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World Travel Guide > Guides > North America > United States of America > Maryland > Baltimore

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Getting around Baltimore

Public transport

Maryland Transit Administration (MTA) (tel: +1 410 539 5000; http://mta.maryland.gov) operates the Light Rail, Metro Subway, buses and the MARC (Maryland Area Rail Commuter) between Baltimore and Washington, DC. Day, weekly and monthly passes are available, giving unlimited local bus, Light Rail and Metro Subway access. You can buy paper tickets and passes, or pre-load money or passes onto CharmCard smartcards (www.mtacharmcard.com). Passes are available online, through the MTA's transit store at 6 St Paul Street, and at retailers across the city.

The Light Rail connects the centre to the northern and southern suburbs and offers service to BWI Marshall Airport and Amtrak's Baltimore Penn Station. It operates at street level, crossing several bodies of water by bridge.

The 14 station Metro Subway runs from the Owings Mills corporate and shopping complex through downtown Baltimore.

Buses run frequently, providing an easy means of seeing the city. Pay the exact fare as you board or use a CharmCard.

Taxis

You can hail taxis on the street, board them at ranks or book them by phone. Try Yellow Cab (tel: +1 410 685 1212). Tips of 15% are generally expected.

Use Baltimore Water Taxi to see the whole Inner Harbor area (tel: +1 410 563 3900 or +1 800 658 8947).

Driving

Don't drive in the downtown area if you can avoid it; the one-way system is tricky and parking is both expensive and difficult. You can pay for metered street parking with coins or credit cards. Some locations limit stay to an hour - others give up to four hours; less central spots can be used for up to 10 hours. To save hassle, save your car for out-of-town attractions.

At traffic lights, unless otherwise specified, a right turn on red is permitted after making a complete stop. At crossroads with no lights, the car to the right has the right of way. At a junction, a flashing amber light means 'be prepared to stop'. A flashing red means 'stop' and proceed on a first-come, first-go basis. Cars must stop for all pedestrians crossing the street.

Car hire

If your own insurance policy doesn't cover driving abroad, make sure you take out optional CDW (Collision Damage Waiver). The minimum driving ages for hiring a car range from 21 to 25 depending on the company.

Most of the major companies are available in Baltimore, including Alamo (tel: +1 888 826 6893; www.alamo.com), Avis (tel: +1 410 859 1680; www.avis.com), Budget (tel: +1 410 691 2913; www.budget.com), Dollar (tel: +1 866 434 2226; www.dollar.com) and Hertz (tel: +1 410 684 7900; www.hertz.com).

Bicycle hire

A unique urban biking (and hiking) route is the Gwynns Falls Trail. Light Street Cycles, 1015 Light Street (tel: +1 410 685 2234; www.lightstcycles.com), hires out bicycles and organises guided group rides, but is closed on Sunday. Or rent a bike from Baltimore Bicycle Works, 1831 Falls Road (tel: +1 410 605 0705; www.baltimorebicycleworks.com).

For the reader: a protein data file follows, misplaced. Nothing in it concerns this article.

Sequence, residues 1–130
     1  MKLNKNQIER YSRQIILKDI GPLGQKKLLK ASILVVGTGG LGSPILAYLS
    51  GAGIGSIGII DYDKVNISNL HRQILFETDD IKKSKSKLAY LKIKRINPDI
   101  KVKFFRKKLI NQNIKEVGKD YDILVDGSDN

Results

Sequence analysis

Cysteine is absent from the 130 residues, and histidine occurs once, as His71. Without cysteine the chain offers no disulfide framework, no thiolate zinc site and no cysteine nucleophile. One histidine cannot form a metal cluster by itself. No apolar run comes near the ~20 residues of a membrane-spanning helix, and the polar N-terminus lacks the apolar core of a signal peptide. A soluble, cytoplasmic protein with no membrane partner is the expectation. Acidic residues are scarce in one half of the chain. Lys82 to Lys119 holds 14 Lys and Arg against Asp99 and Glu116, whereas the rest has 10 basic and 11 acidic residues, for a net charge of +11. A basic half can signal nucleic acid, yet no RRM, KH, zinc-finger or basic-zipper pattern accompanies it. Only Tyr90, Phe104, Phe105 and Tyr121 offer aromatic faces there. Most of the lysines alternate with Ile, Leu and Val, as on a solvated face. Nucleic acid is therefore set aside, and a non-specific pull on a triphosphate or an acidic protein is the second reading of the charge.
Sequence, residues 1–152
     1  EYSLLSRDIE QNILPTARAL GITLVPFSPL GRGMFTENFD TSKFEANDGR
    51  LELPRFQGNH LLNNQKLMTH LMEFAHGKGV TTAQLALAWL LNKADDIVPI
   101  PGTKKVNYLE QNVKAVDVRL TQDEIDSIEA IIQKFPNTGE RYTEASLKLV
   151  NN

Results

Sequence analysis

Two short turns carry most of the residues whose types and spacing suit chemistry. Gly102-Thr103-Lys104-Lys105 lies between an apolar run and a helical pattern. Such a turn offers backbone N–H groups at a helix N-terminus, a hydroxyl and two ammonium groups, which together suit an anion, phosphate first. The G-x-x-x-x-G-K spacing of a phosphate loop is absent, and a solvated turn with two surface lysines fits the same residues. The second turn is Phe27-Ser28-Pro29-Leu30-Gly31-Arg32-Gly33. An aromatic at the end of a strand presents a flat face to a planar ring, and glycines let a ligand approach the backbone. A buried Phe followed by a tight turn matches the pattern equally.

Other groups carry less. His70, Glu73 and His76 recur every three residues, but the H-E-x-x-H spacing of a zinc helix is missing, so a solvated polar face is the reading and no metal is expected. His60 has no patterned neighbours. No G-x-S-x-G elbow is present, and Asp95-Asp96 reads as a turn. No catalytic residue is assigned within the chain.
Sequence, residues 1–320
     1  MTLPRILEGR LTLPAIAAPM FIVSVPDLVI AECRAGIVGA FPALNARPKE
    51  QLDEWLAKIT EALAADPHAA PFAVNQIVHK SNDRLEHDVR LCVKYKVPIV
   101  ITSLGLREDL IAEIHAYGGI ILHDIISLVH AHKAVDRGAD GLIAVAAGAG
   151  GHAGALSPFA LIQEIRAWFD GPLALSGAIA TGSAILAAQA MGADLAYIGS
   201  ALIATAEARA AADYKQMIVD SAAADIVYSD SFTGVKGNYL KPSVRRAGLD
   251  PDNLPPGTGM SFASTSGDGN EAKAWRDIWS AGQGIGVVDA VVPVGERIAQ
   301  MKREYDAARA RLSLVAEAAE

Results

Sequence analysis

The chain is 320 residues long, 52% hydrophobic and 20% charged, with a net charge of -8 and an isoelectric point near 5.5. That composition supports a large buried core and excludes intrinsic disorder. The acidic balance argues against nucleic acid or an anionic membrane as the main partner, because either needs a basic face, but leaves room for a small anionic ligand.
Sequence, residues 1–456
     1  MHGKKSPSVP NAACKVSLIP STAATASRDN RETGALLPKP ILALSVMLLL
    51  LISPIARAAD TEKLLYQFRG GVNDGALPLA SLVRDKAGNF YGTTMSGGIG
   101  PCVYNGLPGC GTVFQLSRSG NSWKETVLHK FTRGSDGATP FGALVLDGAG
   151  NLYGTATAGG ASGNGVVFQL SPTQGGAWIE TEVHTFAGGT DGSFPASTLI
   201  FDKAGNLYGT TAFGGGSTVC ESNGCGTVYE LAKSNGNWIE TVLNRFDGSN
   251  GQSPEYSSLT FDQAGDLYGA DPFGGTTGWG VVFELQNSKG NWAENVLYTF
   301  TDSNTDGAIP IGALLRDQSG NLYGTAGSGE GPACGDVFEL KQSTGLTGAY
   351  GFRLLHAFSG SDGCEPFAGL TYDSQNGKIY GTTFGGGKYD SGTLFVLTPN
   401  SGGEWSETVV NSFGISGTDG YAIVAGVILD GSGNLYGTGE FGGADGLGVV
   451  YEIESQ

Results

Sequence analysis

Featured Hotels

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Kimpton Hotel Monaco Baltimore

There's something of a beaux-arts feel to this hotel, with marble staircases leading up form the grand lobby. The actual building has been around for more than 100 years, but this belies the modernity of the property, which is sleek and chic. Even the entry-level rooms are of a nice size, and the suites are enormous.

Renaissance Baltimore Harborplace Hotel

This contemporary hotel features soothing earth-toned décor, good conference facilities, a fitness centre and all the in-room services you would expect from the Marriott chain. Seafood dishes are especially good at Watertable restaurant. The hotel is conveniently attached to the attractive Gallery mall and has lovely harbour views.

The Ivy

The luxurious accommodation in this 19th-century Mount Vernon mansion aims to give you the feel of staying in the home of a wealthy friend. Nine characterful rooms and suites are fitted out with cosy four-poster beds and sleek bathrooms. Curl up with a book in the library, tinkle the piano or dine in the upscale Magdalena bistro.

Wilson House Bed & Breakfast

Housed in a grand 19th-century mansion this elegant 10-room bed and breakfast offers cosy accommodation near Penn Station. It was here that William Jennings Bryant made deals that led to Woodrow Wilson taking the presidency in 1912. The home is within easy reach of Mount Vernon's cultural venues and eateries and around 5km (3 miles) from the Inner Harbor.

Lord Baltimore Hotel

A fixture in the city since 1928, this is a classic hotel in the French Renaissance style, the huge lobby chock full of chandeliers, staircases and everything you really want on old-style hotel to be. You're only a few blocks from Inner Harbor, and its 400-plus rooms are mostly a good size.

Sleep Inn & Suites Downtown Inner Harbor

A short stroll from the Inner Harbor this hotel puts you within walking distance of Baltimore's main attractions. Rooms are smart and modern with a choice of two double beds or a king bed. Many also have a pull-out sofa bed. A hot buffet breakfast is included.